Lopinavir/
                Indinavir   Ritonavir    Nelfinavir

Second-generation antipsychotics

Aripiprazole      (++)         (++)         (++)
Asenapine                      (+)
Brexpiprazole      (+)         (+)          (+)
Cariprazine        (+)         (+)          (+)
Clozapine          (+)         +++          (+)
lloperidone        (+)         (+)          (+)
Lurasidone        (+++)       (+++)        (+++)
Olanzapine                     (++)
Paliperidone                (+++) (a)     (++) (a)
Quetiapine        (++)        (+++)         (++)
Risperidone        (+)         (++)         (+)
Ziprasidone        (+)         +++          (++)

                       Protease inhibitors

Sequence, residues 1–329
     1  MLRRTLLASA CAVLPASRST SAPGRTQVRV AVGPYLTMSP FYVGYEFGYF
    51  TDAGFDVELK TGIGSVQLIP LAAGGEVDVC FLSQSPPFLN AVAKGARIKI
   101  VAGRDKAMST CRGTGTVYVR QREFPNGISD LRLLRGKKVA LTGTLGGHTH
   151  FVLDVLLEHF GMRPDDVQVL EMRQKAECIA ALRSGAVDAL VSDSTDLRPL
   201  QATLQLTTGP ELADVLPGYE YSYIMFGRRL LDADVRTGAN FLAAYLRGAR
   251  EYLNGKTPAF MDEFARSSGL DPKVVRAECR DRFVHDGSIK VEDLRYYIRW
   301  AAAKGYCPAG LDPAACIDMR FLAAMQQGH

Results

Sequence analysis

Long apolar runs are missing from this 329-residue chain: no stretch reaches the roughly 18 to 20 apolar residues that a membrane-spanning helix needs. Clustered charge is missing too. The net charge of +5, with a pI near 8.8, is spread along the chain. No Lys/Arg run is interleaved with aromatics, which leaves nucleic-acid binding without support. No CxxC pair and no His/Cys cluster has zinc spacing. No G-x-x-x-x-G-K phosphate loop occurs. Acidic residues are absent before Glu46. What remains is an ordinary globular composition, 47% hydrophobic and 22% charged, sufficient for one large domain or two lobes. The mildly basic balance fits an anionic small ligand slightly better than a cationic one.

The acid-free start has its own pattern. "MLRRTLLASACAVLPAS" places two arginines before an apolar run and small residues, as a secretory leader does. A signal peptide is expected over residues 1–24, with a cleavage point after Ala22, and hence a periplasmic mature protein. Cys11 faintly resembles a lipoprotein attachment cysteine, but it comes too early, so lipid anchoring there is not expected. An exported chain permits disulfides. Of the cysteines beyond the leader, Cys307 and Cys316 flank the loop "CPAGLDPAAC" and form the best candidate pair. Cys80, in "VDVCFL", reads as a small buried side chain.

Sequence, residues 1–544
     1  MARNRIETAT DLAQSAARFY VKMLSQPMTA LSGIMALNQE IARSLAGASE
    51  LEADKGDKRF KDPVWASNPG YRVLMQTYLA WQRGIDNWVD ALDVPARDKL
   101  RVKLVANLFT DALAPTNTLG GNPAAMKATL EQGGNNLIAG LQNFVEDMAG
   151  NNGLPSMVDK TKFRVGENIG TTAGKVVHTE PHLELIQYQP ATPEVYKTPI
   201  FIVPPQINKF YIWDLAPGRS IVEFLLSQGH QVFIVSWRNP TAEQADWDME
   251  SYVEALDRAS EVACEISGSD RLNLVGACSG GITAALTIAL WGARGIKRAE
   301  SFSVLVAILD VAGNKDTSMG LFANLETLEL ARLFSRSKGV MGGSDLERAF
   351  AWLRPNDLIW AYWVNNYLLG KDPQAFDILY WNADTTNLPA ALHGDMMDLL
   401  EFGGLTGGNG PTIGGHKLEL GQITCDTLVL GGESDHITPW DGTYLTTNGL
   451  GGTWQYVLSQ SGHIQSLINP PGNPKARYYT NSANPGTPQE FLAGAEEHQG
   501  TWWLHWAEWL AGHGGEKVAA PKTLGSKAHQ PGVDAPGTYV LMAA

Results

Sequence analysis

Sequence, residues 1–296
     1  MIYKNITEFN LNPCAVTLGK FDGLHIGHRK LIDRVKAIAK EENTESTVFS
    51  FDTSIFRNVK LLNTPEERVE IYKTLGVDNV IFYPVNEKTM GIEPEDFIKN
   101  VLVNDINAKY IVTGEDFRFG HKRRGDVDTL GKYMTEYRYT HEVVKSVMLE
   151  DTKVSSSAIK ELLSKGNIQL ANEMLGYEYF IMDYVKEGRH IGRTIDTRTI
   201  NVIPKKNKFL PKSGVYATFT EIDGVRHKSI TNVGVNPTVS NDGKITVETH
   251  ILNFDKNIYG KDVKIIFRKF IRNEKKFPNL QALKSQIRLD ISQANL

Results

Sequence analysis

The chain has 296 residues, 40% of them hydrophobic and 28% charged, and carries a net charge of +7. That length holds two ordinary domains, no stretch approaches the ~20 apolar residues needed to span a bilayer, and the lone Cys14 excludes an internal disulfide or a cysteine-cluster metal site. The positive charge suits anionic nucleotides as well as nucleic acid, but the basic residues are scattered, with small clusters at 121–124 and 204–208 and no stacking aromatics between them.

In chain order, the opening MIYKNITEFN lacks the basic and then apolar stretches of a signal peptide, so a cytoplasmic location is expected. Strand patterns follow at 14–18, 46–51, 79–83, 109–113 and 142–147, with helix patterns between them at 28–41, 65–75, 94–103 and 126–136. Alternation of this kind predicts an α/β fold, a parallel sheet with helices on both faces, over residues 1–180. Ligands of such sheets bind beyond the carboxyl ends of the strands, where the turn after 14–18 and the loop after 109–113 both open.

Ritonavir   Saquinavir   Tipranavir

Second-generation antipsychotics

Aripiprazole      (++)         (++)         (++)
Asenapine          (+)
Brexpiprazole      (+)         (+)          (+)
Cariprazine        (+)         (+)          (+)
Clozapine          (+)        (+++)         (+)
lloperidone        (+)         (+)          (+)
Lurasidone        (+++)       (+++)         (+)
Olanzapine         (+)                      (+)
Paliperidone    (++) (a)    (+++) (a)
Quetiapine        (++)        (+++)         (+)
Risperidone        (+)         (+)          (++)
Ziprasidone       (++)        (+++)         (+)

Source: References 15-28

(+) Interaction exists

(++) Interaction exists; consider alternative therapy

(+++) Interaction exists; avoid therapy